3. Albert MS et al. The diagnosis of mild cognitive impairment due to Alzheimer’s disease: recommendations from the National Institute on Aging-Alzheimer’s Association workgroups on diagnostic guidelines for Alzheimer’s disease. Alzheimers Dement. 2011;7(3):270–9.View ArticlePubMedPubMed CentralGoogle Scholar
  4. Jorm AF. History of depression as a risk factor for dementia: an updated review. Aust N Z J Psychiatry. 2001;35(6):776–81.View ArticlePubMedGoogle Scholar
  5. Amieva H et al. Compensatory mechanisms in higher-educated subjects with Alzheimer’s disease: a study of 20 years of cognitive decline. Brain. 2014;137(Pt 4):1167–75.View ArticlePubMedGoogle Scholar
  6. McKhann G et al. Clinical diagnosis of Alzheimer’s disease: report of the NINCDS-ADRDA Work Group under the auspices of Department of Health and Human Services Task Force on Alzheimer’s Disease. Neurology. 1984;34(7):939–44.View ArticlePubMedGoogle Scholar
  7. Petersen RC et al. Alzheimer’s Disease Neuroimaging Initiative (ADNI): clinical characterization. Neurology. 2010;74(3):201–9.View ArticlePubMedPubMed CentralGoogle Scholar
  8. Doody RS et al. Phase 3 trials of solanezumab for mild-to-moderate Alzheimer’s disease. N Engl J Med. 2014;370(4):311–21.View ArticlePubMedGoogle Scholar
  9. Rinne JO, Nagren K. Positron emission tomography in at risk patients and in the progression of mild cognitive impairment to Alzheimer’s disease. J Alzheimers Dis. 2010;19(1):291–300.PubMedGoogle Scholar
  10. Lim A et al. Clinico-neuropathological correlation of Alzheimer’s disease in a community-based case series. J Am Geriatr Soc. 1999;47(5):564–9.View ArticlePubMedGoogle Scholar
  11. Schoonenboom NS et al. Cerebrospinal fluid markers for differential dementia diagnosis in a large memory clinic cohort. Neurology. 2012;78(1):47–54.View ArticlePubMedGoogle Scholar
  12. Beach TG et al. Accuracy of the clinical diagnosis of Alzheimer disease at National Institute on Aging Alzheimer Disease Centers, 2005–2010. J Neuropathol Exp Neurol. 2012;71(4):266–73.View ArticlePubMedPubMed CentralGoogle Scholar
  13. Magnin E et al. Increased cerebrospinal fluid tau levels in logopenic variant of Alzheimer’s disease. J Alzheimers Dis. 2014;39(3):611–6.PubMedGoogle Scholar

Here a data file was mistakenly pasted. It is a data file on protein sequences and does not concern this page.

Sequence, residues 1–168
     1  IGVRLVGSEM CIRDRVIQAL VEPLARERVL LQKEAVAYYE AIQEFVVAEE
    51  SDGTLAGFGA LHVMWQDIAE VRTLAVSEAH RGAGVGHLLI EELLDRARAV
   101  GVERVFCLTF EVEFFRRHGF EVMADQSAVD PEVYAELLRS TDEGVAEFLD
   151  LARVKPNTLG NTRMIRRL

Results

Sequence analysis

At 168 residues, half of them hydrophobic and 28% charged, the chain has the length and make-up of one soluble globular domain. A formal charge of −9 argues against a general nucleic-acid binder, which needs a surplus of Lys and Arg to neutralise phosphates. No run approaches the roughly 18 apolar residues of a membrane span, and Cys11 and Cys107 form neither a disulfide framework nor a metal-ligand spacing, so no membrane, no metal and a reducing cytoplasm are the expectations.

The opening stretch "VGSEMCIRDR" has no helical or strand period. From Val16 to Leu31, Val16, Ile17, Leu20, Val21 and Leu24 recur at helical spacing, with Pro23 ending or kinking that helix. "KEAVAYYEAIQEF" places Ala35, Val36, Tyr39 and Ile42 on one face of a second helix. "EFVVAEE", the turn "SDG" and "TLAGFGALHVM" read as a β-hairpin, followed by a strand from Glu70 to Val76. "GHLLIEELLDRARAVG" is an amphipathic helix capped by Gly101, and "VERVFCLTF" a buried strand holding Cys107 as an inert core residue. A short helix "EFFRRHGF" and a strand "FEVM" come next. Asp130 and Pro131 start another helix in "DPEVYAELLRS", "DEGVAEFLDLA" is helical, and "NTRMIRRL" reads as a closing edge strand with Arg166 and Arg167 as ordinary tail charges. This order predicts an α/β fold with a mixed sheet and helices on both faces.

14. Warren JD, Fletcher PD, Golden HL. The paradox of syndromic diversity in Alzheimer disease. Nat Rev Neurol. 2012;8(8):451–64.PubMedGoogle Scholar
  15. McKhann GM et al. The diagnosis of dementia due to Alzheimer’s disease: recommendations from the National Institute on Aging-Alzheimer’s Association workgroups on diagnostic guidelines for Alzheimer’s disease. Alzheimers Dement. 2011;7(3):263–9.View ArticlePubMedPubMed CentralGoogle Scholar
  16. Mouton-Liger F et al. Impact of cerebro-spinal fluid biomarkers of Alzheimer’s disease in clinical practice: a multicentric study. J Neurol. 2014;261(1):144–51.View ArticlePubMedGoogle Scholar
  17. Sperling RA et al. Toward defining the preclinical stages of Alzheimer’s disease: recommendations from the National Institute on Aging-Alzheimer’s Association workgroups on diagnostic guidelines for Alzheimer’s disease. Alzheimers Dement. 2011;7(3):280–92.View ArticlePubMedPubMed CentralGoogle Scholar
  18. Brunnstrom H et al. Cerebrospinal fluid biomarker results in relation to neuropathological dementia diagnoses. Alzheimers Dement. 2010;6(2):104–9.View ArticlePubMedGoogle Scholar
  19. Strozyk D et al. CSF Aβ 42 levels correlate with amyloid-neuropathology in a population-based autopsy study. Neurology. 2003;60(4):652–6.View ArticlePubMedGoogle Scholar
  20. Tapiola T et al. Cerebrospinal fluid β-amyloid 42 and tau proteins as biomarkers of Alzheimer-type pathologic changes in the brain. Arch Neurol. 2009;66(3):382–9.View ArticlePubMedGoogle Scholar